“If you claim to have humility, you don’t have it.”  That saying has some validity.  But there’s a bigger picture here.  Saying you have humility is a bit like saying you inhale.  That is, it’s never a constant state we can hang onto, but part of a fundamental rhythm.  I’m not really sure what the hell I’m saying here, but I’m going to keep writing.

BoxerWe all have egos and self-will built in to help us hold our own in this hazardous world.  It’s when they exceed their useful scope, as they often do for alcoholics, that we run into trouble.  We become selfish and egotistical because those states seem to grant us power, to make us bigger and badder so we can vanquish whatever we fear (i.e. most of life).  Unfortunately, what they really do is shut us off from faith in god – our only true recourse against fear.

Richard Rohr, in his discussion of the Twelve Steps (Breathing Underwater), quotes the bible in relation to Step 7.  Now, don’t run screaming from this blog!  I’m not a Christian and, trust me, not even a monotheist, but that doesn’t mean I can’t recognize wisdom from a Franciscan friar who dares to challenge his church.   Just roll with me a minute.  Anyway, Rohr quotes Luke quoting Jesus: “It is easier for a camel to pass through camelneedlethe eye of a needle than for a rich man to enter the kingdom of God.”  But he moves right along from there.  He says it’s not the possession of stuff per se that blocks us from god, but an attitude of entitlement. “I am the shit!” is a stance that blocks us from spirit, as does its mirror image of self-c0nsumed self-pity, “I am a piece of shit.”  Neither can co-exist with humility and faith.

The points Rohr asserts that I want to highlight are these:  1) That our truth is not in what we claim to believe, but in the way we live.  2) That we pray not in order to “change God” (i.e. kiss ass and win approval) but to “change ourselves.”  3) That prayer opens us to god, and that the gist of all prayer – here I’m paraphrasing – is essentially, I lack.  I need you.  Rohr writes,

So it is important that you ask, seek, and knock to keep yourself in right relationship with Life Itself.  Life is a gift, totally given to you without cost, every day of it, and every part of it.  A daily and chosen “attitude of gratitude” will keep your hands open to… receive life at ever-deeper levels…

What really wakes me up is to substitute the word “sobriety” in place of “life,” above.  Sobriety is indeed a gift, given to me freely every day.  And it started on the day I turned to god and said simply, “I lack.  I can’t do this.  I need you.”  Something shifted then, some channel opened that allowed god to help me do what I’d spent years and thousands of desperate, failed attempts trying to do: Get well.  God, not I, removed my mania for drinking.

Prayer relinquishes the illusion that I can do life, including sobriety, on my own.  As a spiritual being, I am intricately connected to both my Source and my fellows.  Prayer acknowledges this, re-opening the channel.  And it stays open at meetings if I listen knowing I can’t stay sober on my own.  Here’s where that mixed nature of humility comes up.  Truthfully, I go to meetings in a hybrid of mind frames.  Part of me (ego) says, “I’m comin’ up on 20 freakin’ years, dude!  I so know this drill!”  Part of me (compassion) says, “I’m here to help the newcomer and those who are struggling.”  Meeting snowflakeBut a key part of me – the seed of genuine humility – says, “I am here to be taught.  I am here to listen to god speak through my fellow addicts; and whether they drank just this morning, are fresh out of prison, or have thirty years and sponsor a jillion alcoholics does not matter.”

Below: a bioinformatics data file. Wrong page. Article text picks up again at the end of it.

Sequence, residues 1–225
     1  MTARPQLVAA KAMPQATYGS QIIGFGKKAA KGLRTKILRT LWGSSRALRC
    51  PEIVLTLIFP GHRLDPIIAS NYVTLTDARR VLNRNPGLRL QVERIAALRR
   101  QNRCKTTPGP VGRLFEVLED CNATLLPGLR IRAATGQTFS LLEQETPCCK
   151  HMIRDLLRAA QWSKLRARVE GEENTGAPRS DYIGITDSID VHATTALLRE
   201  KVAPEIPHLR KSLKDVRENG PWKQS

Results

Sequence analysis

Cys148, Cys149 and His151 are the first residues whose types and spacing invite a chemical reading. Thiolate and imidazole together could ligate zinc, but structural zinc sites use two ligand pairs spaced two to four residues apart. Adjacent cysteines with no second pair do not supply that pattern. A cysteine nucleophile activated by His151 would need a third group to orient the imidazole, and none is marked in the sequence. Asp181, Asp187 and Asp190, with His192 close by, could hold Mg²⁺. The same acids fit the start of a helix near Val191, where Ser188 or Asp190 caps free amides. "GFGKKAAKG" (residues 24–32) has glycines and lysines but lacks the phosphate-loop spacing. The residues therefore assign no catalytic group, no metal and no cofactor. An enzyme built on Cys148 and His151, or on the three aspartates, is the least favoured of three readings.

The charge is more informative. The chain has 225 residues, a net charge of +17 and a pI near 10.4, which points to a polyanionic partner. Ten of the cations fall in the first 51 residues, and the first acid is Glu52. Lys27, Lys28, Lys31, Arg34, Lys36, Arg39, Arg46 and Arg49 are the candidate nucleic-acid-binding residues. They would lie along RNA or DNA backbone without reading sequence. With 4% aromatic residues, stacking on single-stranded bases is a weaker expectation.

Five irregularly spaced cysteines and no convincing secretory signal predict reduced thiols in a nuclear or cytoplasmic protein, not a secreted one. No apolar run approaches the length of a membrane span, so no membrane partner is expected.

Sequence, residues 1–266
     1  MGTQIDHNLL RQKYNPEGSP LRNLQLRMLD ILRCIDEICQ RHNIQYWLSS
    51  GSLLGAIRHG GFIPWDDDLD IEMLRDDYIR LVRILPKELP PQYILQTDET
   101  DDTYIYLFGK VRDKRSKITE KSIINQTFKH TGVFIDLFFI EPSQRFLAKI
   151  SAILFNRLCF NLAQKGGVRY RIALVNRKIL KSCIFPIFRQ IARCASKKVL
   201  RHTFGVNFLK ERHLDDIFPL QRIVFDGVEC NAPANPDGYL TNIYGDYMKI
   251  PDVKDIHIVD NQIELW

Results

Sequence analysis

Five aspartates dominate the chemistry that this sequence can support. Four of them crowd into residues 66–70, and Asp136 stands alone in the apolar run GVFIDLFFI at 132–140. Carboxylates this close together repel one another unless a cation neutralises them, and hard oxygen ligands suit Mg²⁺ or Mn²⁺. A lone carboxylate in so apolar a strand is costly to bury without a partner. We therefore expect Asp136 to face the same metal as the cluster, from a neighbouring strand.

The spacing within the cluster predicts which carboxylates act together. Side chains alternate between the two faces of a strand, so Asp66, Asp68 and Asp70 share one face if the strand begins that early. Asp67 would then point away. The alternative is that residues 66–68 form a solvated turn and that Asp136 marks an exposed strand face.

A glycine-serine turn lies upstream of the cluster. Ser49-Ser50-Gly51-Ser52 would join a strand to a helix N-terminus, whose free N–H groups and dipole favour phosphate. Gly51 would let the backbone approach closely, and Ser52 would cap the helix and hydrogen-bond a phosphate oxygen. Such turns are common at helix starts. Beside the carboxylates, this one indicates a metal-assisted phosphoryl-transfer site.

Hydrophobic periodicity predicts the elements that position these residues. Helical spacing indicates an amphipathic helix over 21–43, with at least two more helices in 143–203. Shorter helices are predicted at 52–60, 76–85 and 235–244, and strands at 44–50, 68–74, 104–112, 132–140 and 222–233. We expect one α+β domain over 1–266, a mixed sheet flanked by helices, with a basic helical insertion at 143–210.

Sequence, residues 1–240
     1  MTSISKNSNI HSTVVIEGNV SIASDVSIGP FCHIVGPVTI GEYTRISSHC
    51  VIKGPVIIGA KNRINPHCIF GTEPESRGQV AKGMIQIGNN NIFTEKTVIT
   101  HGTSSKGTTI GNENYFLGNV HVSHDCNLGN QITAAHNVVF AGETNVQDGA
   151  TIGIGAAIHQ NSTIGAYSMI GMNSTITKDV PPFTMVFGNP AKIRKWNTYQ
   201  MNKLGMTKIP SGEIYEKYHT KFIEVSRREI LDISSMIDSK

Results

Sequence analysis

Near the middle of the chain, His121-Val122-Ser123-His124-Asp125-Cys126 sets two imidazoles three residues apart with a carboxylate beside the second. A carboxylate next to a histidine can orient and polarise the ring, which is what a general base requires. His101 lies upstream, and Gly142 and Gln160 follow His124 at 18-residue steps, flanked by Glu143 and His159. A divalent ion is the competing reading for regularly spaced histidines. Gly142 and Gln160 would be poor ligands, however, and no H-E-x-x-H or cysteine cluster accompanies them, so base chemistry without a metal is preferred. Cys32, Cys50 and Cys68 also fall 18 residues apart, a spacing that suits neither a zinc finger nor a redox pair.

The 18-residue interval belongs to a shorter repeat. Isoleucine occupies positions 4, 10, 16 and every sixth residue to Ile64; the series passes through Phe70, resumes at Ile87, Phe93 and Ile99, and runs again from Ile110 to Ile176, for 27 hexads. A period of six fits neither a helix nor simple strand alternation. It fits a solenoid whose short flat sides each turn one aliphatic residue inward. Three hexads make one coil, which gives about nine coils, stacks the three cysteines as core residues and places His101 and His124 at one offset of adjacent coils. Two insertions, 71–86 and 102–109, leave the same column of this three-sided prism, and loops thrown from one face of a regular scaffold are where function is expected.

Humility and gratitude are inextricably interwoven, and both are essential to the fabric of sobriety.  Both can be cultivated in mindfulness – living in the simplicity of the present moment, saying to ourselves, “I am a living creature doing this here now,” and seeing, as Rohr says, that all of it is a gift we can love.  Ego lives in the thought-movies that our minds play, in the loveless illusion that we make shit happen, in the Teflon of coolness that causes meaning and responsibility to slide off us until we’re only half alive.  Ego refuses to appreciate that we are everywhere dependent on one another for survival, and on god for sanity (and everything).

One more note, though.  It’s important, too, for me to cultivate humility about my own arrogance.  Here’s my fav quote from Thomas Merton (another Christian, but oh well), part of which kicks off my addiction memoir:

This is the terrible thing about humility: that it is never fully successful… [O]ur humility consists in being proud and knowing all about it… and to be able to do so little about it. *

Pride goes with the turf…and Merton  didn’t even Facebook!

The bottom line is, I’m human and I’m flawed.  I have a big, gaping hole in my guts and an ego determined to fill it with bullshit.  I can either grab at mood altering drugs, attention, food, merchandise, etc. to try to fill the hole ego’s way, or I can acknowledge my incompleteness, my flawed nature, and turn to god for help.  I can do this not only about drinking, but about my unmanageable life in general.  When I open with asking, when I am humble and admit I am wounded, I let god in.  And god lets me flourish.

Love to you, alcoholic!  Love to you, seeking person!

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*Thomas Merton, Thoughts on Solitude, p. 59

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Filed under Alcoholism, Recovery, Sobriety, Twelve Steps